The traditional concept of security is linked to the state. The notion of security has traditionally entailed the protection of the state: its boundaries, its people, and its institutions. The concept of security has however changed radically over the last several decades. The world is being challenged with many threats coming from non-state actors such as terrorist groups, armed groups and criminal organizations. In addition, the world’s population has been threatened by health threats such as HIV/AIDS, environmental threats and insufficient food supply. The recognition of the necessity of a wider definition and understanding of security is emerging.
In 2001 a UN Commission on Human Security was set up to explore the concept. The commission was led by former UN Commissioner for Refugees Ms. Sadako Ogata and Nobel Economics Prize Laureate Professor Amartya Sen. A final report of the working of the commission was presented May 1, 2003.
Click here to access the Commissions Website (http://humansecurity-chs.org/index.html).
The new concept of Human Security is linked to the individual and the rising number of factors that threats the well-being of individuals and communities around the world.
This website is an academic platform for research and publications on the concept of Human Security. You will find short introductions to some of the main aspects of Human Security and articles published by students and scholars of International Relations. The focus has been placed on the following categories:
- Armed Conflict
- Organized Crime and Criminal Violence
- Human Rights and Humanitarian Intervention
- Genocide and Mass Crimes
- Health and Development
- Environmental and Resource Security
Definitions of Human Security
Kofi Annan: “a new understanding of the concept of security is evolving. Once synonymous with the defence of territory from external attack, the requirements of security today have come to embrace the protection of communities and individuals from internal violence. The need for a more human-centred approach to security is reinforced by the continuing dangers that weapons of mass destruction, most notably nuclear weapons, pose to humanity: their very name reveals their scope and their intended objective, if they were ever used.”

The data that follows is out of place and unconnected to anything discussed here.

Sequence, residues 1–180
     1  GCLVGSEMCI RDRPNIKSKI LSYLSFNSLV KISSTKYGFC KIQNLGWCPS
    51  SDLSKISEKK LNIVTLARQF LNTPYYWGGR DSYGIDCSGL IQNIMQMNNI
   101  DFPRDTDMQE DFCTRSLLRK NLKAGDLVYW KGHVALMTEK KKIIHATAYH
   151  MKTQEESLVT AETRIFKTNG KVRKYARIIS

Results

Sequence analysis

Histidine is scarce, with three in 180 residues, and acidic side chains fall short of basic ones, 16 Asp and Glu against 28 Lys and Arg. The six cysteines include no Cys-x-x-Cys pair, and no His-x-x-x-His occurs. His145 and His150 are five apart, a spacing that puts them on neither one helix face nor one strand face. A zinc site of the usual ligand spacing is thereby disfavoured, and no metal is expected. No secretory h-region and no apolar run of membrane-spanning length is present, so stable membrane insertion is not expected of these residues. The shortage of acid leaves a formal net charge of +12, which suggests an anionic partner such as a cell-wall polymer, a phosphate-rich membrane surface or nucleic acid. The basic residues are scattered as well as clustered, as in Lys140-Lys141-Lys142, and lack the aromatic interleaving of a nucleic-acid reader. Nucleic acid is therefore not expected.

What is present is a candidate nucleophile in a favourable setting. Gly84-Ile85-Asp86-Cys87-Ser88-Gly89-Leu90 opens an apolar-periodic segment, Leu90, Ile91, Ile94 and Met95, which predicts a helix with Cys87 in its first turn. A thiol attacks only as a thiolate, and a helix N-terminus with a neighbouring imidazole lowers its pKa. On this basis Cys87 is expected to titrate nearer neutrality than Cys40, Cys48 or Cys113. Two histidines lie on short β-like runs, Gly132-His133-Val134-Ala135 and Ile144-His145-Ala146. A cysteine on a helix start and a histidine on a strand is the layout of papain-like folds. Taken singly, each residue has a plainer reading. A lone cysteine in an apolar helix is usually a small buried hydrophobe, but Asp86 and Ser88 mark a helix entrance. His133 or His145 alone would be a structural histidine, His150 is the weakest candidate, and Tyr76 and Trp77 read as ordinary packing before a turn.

Sources: http://www.un.org/millennium/sg/report/full.htm, http://www.unesco.org/opi2/lettres/TextAnglais/AnnanE.html, http://www.un.org/documents/sg/report00/a551e.pdf, http://www.un.org/News/Press/docs/2000/20000508.sgsm7382.doc.html
UNDP: “Human security can be said to have two main aspects. It means, first, safety from such chronic threats as hunger, disease and repression. And second, it means protection from sudden and hurtful disruptions in the patterns of daily life – whether in homes, in jobs or in communities. Such threats can exist at all levels of national income and development. The list of threats to human security is long, but most can be considered under several main categories:
- Economic security
- Food security
- Health security
- Environmental security
- Personal security
- Community security
- Political security”
Sadako Ogata: “Several key elements make up human security. A first essential element is the possibility for all citizens to live in peace and security within their own borders. This implies the capacity of states and citizens to prevent and resolve conflicts through peaceful and nonviolent means and, after the conflict is over, the ability to effectively carry out reconciliation efforts. A second element is that people should enjoy without discrimination all rights and obligations – including human, political, social, economic and cultural rights – that belonging to a State implies. A third element is social inclusion – or having equal access to the political, social and economic policy making processes, as well as to draw equal benefits from them. A fourth element is that of the establishment of rule of law and the independence of the justice system. Each individual in a society should have the same rights and obligations and be subject to the same set of rules. These basic elements which are predicated on the equality of all before the law, effectively remove any risk of arbitrariness which so often manifests itself in discrimination, abuse or oppression.”